In the game of cricket, a bowler’s job is to pick up wickets and restrict the opposition to as low a total as possible. When the bowlers pick up early wickets, they get the momentum and the opposition starts feeling the pressure while facing him/her. Momentum is key in the world of sports. It is often said in cricket, “One brings two for the team.” This is what momentum does. Some bowlers in the Women’s World Cup oozed with confidence and class. In the process, they ended up choking their opposition of runs. Listed below are the Top 10 Best Economy Rates In Women’s World Cup Match (Till 17 March 2022)-

1. Debbie Hockley (0.00)

New Zealand’s right-arm medium-pacer Debbie Hockley was as good a bowler as she was as a batter. In a match against Ireland in 1988 in Perth, Hockley gave a stellar all-round performance. In the first innings, Hockley top-scored with 78 runs to power her team to 232/4 in 60 overs. In the second inning, she was the most economical bowler. She bowled 6 overs, all of them maiden overs. She also clean-bowled Ireland’s top-scorer Stella Owens on 23.

2. Zoe Goss (0.14)

In the 1993 edition, Denmark clashed with Australia in Dulwich (England). Denmark chose to bat first after winning the toss. While Sharyn Bow and Lee-Anne Hunter stepped up to pick wickets, Goss decided to choke runs. Goss bowled 7 overs out of which 6 were maidens, gave just one run, and picked up one wicket. Denmark was all out for 76. Australia hunted down the target and won by 7 wickets.

3. Deepa Marathe (0.16)

India locked horns with the hosts South Africa in Pretoria in 2005. South Africa won the coin toss and chose to bat first. India’s spinner Deepa Marathe caused a run-drought for the South African camp as she recorded the bowling figure of 6-5-1-4 at an economy rate of just 0.16 runs per over. She was supported by Amrita Sharma (3/23) and Neetu David (2/8). South Africa was bowled out for 80. India later won the match by 4 wickets.

4. Jennifer Turner (0.20)

It was the 20th match in Chiswick of the 1993 edition. West Indies decided to bat first. While New Zealand’s Julie Harris and Karen Musson picked up 3 wickets each, Jennifer Turner recorded the figure of 0/1 in 5 overs with 4 maidens at an economy of 0.20. West Indies was bowled out for 96. New Zealand won the match sparing 7 wickets.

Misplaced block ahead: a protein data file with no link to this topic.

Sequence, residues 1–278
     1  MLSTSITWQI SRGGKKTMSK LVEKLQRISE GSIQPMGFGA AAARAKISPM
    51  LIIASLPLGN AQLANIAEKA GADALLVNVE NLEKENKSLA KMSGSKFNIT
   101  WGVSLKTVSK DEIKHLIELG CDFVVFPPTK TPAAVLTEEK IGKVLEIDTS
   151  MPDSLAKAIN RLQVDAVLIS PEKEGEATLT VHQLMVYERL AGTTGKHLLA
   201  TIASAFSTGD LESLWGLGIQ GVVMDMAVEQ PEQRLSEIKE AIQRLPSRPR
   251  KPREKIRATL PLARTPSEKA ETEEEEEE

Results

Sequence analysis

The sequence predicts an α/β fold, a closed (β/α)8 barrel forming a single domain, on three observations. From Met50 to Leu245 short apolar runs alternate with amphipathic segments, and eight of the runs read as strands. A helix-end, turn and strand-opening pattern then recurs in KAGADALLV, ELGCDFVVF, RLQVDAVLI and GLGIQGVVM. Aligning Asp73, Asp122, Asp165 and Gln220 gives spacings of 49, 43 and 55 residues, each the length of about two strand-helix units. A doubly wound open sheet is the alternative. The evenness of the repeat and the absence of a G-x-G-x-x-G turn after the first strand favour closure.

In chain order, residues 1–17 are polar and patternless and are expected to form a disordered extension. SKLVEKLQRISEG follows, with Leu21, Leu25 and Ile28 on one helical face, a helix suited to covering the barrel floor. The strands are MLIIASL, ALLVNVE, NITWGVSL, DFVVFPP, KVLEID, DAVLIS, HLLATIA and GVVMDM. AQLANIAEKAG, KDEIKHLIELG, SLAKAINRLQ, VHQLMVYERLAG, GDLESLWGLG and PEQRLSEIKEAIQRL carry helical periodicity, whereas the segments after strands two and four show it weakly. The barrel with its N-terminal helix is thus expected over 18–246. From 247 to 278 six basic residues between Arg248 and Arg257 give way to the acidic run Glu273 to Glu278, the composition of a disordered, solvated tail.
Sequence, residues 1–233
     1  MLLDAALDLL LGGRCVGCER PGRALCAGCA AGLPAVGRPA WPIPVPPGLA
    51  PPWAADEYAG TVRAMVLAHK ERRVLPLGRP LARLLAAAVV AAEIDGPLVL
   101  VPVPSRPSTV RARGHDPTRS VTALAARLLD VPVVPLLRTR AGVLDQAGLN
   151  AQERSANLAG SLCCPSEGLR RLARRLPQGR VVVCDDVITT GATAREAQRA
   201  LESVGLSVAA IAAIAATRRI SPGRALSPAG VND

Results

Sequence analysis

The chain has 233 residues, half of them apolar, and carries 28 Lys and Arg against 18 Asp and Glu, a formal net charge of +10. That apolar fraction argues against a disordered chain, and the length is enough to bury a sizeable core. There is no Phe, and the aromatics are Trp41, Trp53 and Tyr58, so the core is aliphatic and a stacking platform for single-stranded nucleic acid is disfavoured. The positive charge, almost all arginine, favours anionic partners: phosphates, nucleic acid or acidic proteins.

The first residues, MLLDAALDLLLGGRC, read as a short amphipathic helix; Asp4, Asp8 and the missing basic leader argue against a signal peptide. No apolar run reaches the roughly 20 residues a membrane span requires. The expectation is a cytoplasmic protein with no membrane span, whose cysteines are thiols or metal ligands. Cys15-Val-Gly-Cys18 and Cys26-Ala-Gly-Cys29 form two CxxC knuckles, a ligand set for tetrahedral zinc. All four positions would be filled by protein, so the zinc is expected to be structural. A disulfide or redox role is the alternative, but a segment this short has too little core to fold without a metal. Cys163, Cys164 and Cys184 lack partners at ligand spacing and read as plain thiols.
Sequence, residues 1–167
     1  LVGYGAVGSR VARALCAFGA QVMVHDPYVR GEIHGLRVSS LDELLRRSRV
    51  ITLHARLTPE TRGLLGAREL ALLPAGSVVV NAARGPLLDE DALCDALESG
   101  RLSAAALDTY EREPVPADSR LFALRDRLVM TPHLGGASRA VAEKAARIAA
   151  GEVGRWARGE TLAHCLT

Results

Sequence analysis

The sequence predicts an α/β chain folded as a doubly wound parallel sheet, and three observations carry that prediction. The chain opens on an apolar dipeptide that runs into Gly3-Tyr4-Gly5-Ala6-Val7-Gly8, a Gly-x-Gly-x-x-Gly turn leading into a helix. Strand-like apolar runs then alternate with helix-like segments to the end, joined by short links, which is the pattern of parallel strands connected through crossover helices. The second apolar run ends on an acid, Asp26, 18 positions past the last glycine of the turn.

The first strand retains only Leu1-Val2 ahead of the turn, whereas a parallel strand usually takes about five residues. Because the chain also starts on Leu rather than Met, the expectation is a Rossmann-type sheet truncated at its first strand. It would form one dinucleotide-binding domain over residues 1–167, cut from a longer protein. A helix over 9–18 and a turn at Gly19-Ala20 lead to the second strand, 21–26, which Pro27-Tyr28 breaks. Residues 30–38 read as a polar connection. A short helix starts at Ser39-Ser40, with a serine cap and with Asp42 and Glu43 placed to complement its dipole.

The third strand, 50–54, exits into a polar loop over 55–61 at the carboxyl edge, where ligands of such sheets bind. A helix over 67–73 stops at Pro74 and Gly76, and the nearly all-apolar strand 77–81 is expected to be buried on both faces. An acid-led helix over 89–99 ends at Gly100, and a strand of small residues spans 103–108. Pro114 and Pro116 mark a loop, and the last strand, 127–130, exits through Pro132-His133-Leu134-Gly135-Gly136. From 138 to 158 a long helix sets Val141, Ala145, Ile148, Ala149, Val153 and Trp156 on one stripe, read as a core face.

5. Avril Fahey (0.20)

Mumbai hosted the match between Australia and Denmark in 1997. Captain Belinda Clark scored the highest individual score (229*) in the tournament’s history to power Australia to 412/3. Australian bowlers didn’t allow the Dane batters to get going. While Karen Rolton picked up 3 wickets, off-spinner Avril Fahey conceded runs at an economy of only 0.20. Fahey bowled 4 maidens and gave away one run in the fifth one. She picked up a wicket of Mette Gregersen.

6. Gill Smith (0.25)

England’s Gill Smith was all over the field against Ireland in 1988 in Melbourne. English captain Jane Powell decided to field first. Smith first got rid of the opener Sonia Reamsbottom and then took 3 catches to restrict Ireland for just 109/9. Smith bowled 8 overs (6 maidens), gave 2 runs, and picked up a wicket.  England openers completed the run-chase without losing a wicket.

7. Lee-Anne Hunter (0.25)

Hosts Australia played a match against the Netherlands in Melbourne in 1988. Batting first, Australia rode on opening-batter Ruth Buckstein’s 105* to post 258/4. Another opener Sharlene Heywood scored 76. In the second essay, Lyn Fullston recorded a 5-wicket haul. On the other hand, Lee-Anne Hunter bowled 8 overs (6 maidens), conceded just 2 runs (economy of 0.25), and took a wicket of Angela Batenberg-Venturini.

8. Catherine Campbell (0.30)

New Zealand and the Netherlands were hosted by Christchurch in a match in the 2000 Women’s World Cup. The Dutch women won the toss and decided to bat first. Every bowler except Catherine Campbell picked up wickets. Campbell decided to contribute by drying up the runs and conceded only 3 runs in 10 overs at an economy of just 0.30. She bowled 7 maiden overs. The Netherlands was bowled out for just 80. The White Ferns hunted down the target in just 16.3 overs and won the match by 8 wickets.

9. Glynis Hullah (0.30)

Hosts India and England played a match in Kolkata in 1978. English women won the toss and decided to field first. Indian batters struggled to score runs and ended up collapsing on just 63. England’s Glynis Hullah took 2 wickets and gave just 2 runs in 6.3 overs. Her economy rate was 0.30. England won the match by 9 wickets.

10. Brigit Legg (0.33) 

New Zealand faced the Netherlands in Melbourne in 1988. New Zealand rode on Nicki Turner’s 95 and Debbie Hockley’s 90* to post 255/2. In the second half, Brigit Legg took 3 wickets and gave only 4 runs at the rate of 0.33 in 12 overs to dismiss the Netherlands for just 177 runs.